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February 12, 1997updated 05 Sep 2016 12:14pm


By CBR Staff Writer

In commercial life, when computer systems or communications infrastructures fail to talk to each other, business could be lost, but in a battle situation, if systems don’t interoperate, lives could be lost. In order to sort out interoperability issues and to put new technologies to the test in simulated war situations, the forces of the US, UK, Australia, New Zealand, Canada, and NATO are mounting JWID ’97, or Joint Warrior Interoperability Demonstrations. JWID was first established in the US in 1989, following a potentially disastrous communications breakdown during the US invasion of Grenada, when an off-shore support ship apparently overloaded the satellite communications, so that the troops on the ground were unable to communicate via satellite. The situation was resolved, the story goes, only when an officer used his AT&T Corp phone card to call the Pentagon. The UK joined JWID in 1995.

Battle scenario

This year’s event will take place during July, with demonstration sites in the US, the Netherlands, the UK, Spain and France. A battle scenario is created, and rather than limiting itself to military systems, industry is invited to offer up the latest technology that may be of use in a joint forces invasion situation. This year’s participants include Oracle Corp, Siemens AG’s Siemens Plessey Systems Ltd, Cogent Technologies Inc, Cisco Systems Inc, GEC Marconi, Sema Group Plc, Sun Microsystems Inc and Electronic Data Systems Inc. JWID’s UK coordinator Major Jonathan Turner said the objectives of the project are to demonstrate the interoperability of UK and US message systems, to find applications to improve operations efficiency and reduce planning times while maximizing available bandwidth, to work on the control and management of networks, to improve commandos’ awareness of available technology, and to inform industry of what technology is and may be required in the next five to ten years. This year’s scenario involves a supposed small island, rich in oil, where the Northern part of the island Korona, invades the Southern part Kartuna. The coalition forces will be sent in to force the Northerners back from whence they came. Each country involved sets up its own communications infrastructure. The UK will have ISDN links between four locations, with a megabit pipe as part of a wide area network between Canada the US and the UK, as well as satellite communications. Major Turner said for last year’s JWID, two competitive companies, Siemens Plessey and Cogent worked together to solve a real life problem, getting the UK army’s tactical trunk communications system to talk to that of the Royal Air Force. Although the deadline for having technology included in JWID ’97 has officially passed, Major Turner says any company with a suitable new technology will still be considered, and he says that he is particularly interested in software applications that may be used in strategic planning.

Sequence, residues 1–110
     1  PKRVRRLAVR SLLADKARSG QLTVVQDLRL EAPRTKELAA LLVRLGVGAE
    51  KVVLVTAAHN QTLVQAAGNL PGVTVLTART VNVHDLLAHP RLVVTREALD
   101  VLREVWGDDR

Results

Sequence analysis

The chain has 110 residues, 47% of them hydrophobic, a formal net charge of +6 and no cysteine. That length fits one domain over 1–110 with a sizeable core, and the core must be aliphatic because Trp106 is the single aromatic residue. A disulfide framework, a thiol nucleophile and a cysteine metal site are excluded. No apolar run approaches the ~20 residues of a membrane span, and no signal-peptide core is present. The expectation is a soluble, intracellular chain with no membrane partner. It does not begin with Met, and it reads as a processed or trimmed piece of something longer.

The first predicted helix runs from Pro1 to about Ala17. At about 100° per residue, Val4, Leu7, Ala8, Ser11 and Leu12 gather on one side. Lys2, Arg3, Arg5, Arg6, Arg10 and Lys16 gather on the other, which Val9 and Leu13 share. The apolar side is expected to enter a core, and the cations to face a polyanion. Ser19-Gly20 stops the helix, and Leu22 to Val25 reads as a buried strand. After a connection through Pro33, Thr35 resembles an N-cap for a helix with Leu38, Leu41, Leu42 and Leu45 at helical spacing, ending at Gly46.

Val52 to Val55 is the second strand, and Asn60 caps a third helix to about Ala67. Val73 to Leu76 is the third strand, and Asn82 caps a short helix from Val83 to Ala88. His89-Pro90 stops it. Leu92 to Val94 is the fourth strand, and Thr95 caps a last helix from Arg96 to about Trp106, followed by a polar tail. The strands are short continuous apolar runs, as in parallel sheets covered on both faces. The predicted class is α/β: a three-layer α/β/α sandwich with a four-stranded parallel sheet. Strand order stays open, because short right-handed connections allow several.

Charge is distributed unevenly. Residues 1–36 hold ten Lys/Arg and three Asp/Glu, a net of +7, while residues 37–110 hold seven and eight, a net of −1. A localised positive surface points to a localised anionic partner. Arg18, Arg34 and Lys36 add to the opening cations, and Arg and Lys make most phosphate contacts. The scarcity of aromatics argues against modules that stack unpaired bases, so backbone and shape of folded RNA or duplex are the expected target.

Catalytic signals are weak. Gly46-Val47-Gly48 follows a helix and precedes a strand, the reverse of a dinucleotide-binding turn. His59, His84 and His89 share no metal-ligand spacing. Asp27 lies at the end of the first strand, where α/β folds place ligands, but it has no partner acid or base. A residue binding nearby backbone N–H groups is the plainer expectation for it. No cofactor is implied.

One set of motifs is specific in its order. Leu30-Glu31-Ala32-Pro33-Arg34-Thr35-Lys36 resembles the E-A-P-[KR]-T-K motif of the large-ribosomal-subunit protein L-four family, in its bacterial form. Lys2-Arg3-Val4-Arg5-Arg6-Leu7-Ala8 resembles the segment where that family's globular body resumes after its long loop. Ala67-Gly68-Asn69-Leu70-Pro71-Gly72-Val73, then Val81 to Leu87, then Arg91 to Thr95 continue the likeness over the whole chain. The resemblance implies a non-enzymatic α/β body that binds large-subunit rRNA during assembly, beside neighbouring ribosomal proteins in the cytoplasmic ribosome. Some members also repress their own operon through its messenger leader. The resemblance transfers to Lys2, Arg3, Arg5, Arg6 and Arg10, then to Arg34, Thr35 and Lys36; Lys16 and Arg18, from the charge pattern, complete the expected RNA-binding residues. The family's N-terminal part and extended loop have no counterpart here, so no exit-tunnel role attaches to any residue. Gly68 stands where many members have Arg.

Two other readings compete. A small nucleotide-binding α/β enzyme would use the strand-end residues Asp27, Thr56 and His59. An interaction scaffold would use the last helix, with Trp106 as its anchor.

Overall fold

Major Turner can be contacted at The JWID Web site can be found at

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